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Charles Gaba @charles_gaba
, 42 tweets, 10 min read Read on Twitter
1/ THREAD: WELP. Iowa Governor Kim Reynolds has basically just signed the death warrant for at least a few hundred Iowans with expensive pre-existing conditions. Some of them may have no choice but to leave the state or stay and die. Here’s why:…
2/ In recent weeks, the Iowa state House and Senate passed a bill, which was just signed into law today by the Governor, which would allow the state Farm Bureau to open up non-ACA-compliant “health plans” (NOT legally defined as “insurance”) to ANYONE.
3/ The only reason these plans are legal to sell is because they aren’t legally defined as “health insurance” in the first place. That means they aren’t subject to ACA regulations. That means they can once again deny coverage (or charge thru the nose) people w/pre-existing conds.
4/ It also means they don’t have to cover the 10 Essential Health Benefits required by the ACA like maternity care, mental health care, hospitalization, surgery, prescription drugs…you know, stuff you’d expect to be covered by “health insurance”. Because again…not insurance.
5/ Basically, these plans are no more actual “health insurance” than a golf cart is an “automobile”. They may have some similar features—4 wheels, an engine, a steering wheel, seats—but that’s where the similarities end.
6/ A golf cart may be fine for driving around the range…on a sunny day. In warm weather. At slow speeds. On mostly flat grass. But it’s pretty much useless in any other condition.
7/ Now, golf carts are much less expensive than street-legal automobiles. A typical golf cart costs perhaps $5,000 or so, far less than even a small economy car like a Chevy Spark which runs around $13,000. Some people may think they only need a golf cart for now. Fine.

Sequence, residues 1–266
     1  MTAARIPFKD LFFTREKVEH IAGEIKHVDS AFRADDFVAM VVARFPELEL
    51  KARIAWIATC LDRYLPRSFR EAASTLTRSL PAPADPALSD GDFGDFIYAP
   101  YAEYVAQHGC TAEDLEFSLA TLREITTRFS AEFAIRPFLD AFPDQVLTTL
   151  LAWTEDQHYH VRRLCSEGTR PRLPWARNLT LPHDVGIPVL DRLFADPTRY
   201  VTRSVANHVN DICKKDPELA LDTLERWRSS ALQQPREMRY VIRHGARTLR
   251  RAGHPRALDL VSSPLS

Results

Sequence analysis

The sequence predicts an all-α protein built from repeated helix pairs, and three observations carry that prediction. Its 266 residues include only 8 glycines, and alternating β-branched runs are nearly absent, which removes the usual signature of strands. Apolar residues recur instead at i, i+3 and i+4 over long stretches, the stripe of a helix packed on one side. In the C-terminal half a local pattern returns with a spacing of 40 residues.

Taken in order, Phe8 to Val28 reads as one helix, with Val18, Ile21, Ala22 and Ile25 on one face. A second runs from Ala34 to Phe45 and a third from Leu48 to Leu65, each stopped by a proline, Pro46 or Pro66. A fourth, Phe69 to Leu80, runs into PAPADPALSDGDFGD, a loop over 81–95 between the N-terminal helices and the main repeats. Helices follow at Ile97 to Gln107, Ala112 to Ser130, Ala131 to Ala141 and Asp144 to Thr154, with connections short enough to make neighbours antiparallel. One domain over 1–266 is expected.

8/ I’ll come back to the golf cart thing soon. Meanwhile, what does this mean for the Individual Health Insurance market in Iowa? Well, if you earn less than 400% of the poverty line—around $48K/year for an individual or $98K for a family of 4, you qualify for ACA subsides.
9/ And if you earn less than *200%* of the poverty line ($24K individual or $49K for a fam of 4), you qualify for *heavy* ACA subsidies. But those subsidies are only available for ACTUAL HEALTH INSURANCE POLICIES sold on the exchange.
10/ OK, so here’s what should happen starting in 2019: Iowa’s an expansion state, so if you earn <138% FPL you qualify for Medicaid, yay. If you earn 138-200% FPL, you get heavy ACA subsidies, yay. No problems for these folks. They’ll mostly stick with the ACA exchange plans.
11/ However, from 200-400% FPL, the subsidies start to drop off. These folks might stay around if they have expensive problems…but if they’re healthy they’ll likely be enticed to drop out and go for the golf cart plan instead, trusting that they’ll stay healthy.
12/ The real problem is for those OVER 400% FPL—these folks get NO financial help at all, and ACA policies are *already* too expensive for them (in large part due to a whole mess of deliberate sabotage efforts by Trump last year). The obvious solution is to remove that 400% cap.
13/ Instead, Iowa has chosen to go the opposite route: They’re choosing to take a problem which was already kind of bad in 2016, which Trump deliberately made far worse in 2017, and make it even WORSE in 2018-2019.
14/ Here’s why: Many healthy people earning, say, 300-400% FPL, along with pretty much EVERY healthy person earning >400% FPL, will flee the exchanges for the dirt-cheap golf cart plans. This will cause the following:
15/ When those healthy people drop out, the only ones left on ACA plans will be really expensive to treat, turning exchange plans into a de facto High Risk Pool. Premiums will skyrocket, but ACA subsidies will climb to match, so SUBSIDIZED enrollees will pay about the same.
16/ So, if you have pre-existing conditions (or even if you don’t) and earn under 400% FPL, you’ll have a safe haven. And if you earn over 400% FPL and are *currently healthy*, you can get one of these dirt-cheap golf cart plans. Problem solved, right? Well…
17/ The problem is…what if you earn over 400% FPL but have a pre-existing condition? Or, alternately, what if you earn over 400% and are currently healthy but *develop* a condition which isn’t covered by the golf cart plan? Well…now you have a big problem.
18/ You can’t get an exchange plan which covers your needs because you can’t afford to pay full price without subsidies, which you don’t qualify for. However, you can’t get (or use) one of the golf cart plans because you’ll be denied coverage or it won’t cover what you need.
19/ So your choices are now limited to a) Try to get a job with a company which includes actual full health insurance benefits; b) Move out of Iowa; or c) Suffer and die.